Let's brainstorm some pros and cons of this approach, with a particular focus on California.
Arguments in Favor of Local Control
- Land use decisions primarily affect people in the immediate area of specific pieces of land. For example, a new apartment building in Los Angeles might have a strong effect on people in Los Angeles, but not so much on people in San Francisco.
- The State doesn't have the resources to develop and administer zoning codes for its whole territory.
- The State Capitol in Sacramento is distant from most communities and individual legislators cannot reasonably be expected to have detailed local knowledge of every community in the state.
Arguments in Favor of State Control
- Local governments represent only their residents, not the larger society. This can be problematic if the local population is homogeneous (e.g. mostly wealthy, mostly one race or mostly homeowners). A local government can use its land use authority to exclude certain "less desirable" people. For example, it can mandate that most or all housing be detached single-family homes on large lots, which effectively excludes moderate and low income folks who need smaller lot sizes or multifamily housing to access an area. The state represents people of all income levels, colors and housing tenures, whereas a local government might not.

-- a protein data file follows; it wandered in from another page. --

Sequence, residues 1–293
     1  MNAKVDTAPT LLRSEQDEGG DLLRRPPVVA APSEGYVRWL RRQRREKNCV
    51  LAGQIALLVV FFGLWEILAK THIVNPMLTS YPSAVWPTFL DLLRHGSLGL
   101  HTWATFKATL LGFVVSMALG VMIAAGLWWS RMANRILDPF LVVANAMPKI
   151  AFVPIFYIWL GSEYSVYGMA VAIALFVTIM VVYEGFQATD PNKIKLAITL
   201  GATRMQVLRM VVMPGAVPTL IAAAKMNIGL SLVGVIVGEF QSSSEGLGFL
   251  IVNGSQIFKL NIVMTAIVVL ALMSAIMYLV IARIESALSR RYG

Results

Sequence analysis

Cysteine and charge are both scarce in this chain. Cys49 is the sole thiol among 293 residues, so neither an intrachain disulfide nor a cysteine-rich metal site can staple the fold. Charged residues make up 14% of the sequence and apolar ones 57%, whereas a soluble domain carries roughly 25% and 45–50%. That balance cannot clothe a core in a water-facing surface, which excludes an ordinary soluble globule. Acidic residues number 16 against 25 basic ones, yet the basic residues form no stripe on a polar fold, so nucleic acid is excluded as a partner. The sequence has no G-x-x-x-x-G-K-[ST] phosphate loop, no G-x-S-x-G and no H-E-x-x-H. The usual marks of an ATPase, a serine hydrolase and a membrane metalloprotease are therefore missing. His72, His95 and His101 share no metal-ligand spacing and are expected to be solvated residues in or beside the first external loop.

- Land use decisions aren't actually so local in their implications as we might think. If a local government approves a sprawling, car-dependent subdivision, that creates greenhouse gas emissions that affect the whole state (to say nothing of the nation and the world). The state is more apt to see and address big-picture problems like climate change, at least in a progressive state like California.
- Local governments have incentives to push problems out, but the state often can't push problems out. A great example is homelessness. A local government might try to use its police and zoning to make it virtually impossible for homeless people to exist within its boundaries. Once the homeless are out, they're someone else's problem. The state usually can't effectively push the homeless out of its vast territory. Therefore it has an incentive to actually address the problem, instead of pushing it out.
I don't think either set of arguments is 100% decisive. However, when it comes to affordable housing and homelessness, the state may need to claw back some land use authority from local governments to ensure that the most vulnerable are protected, not excluded.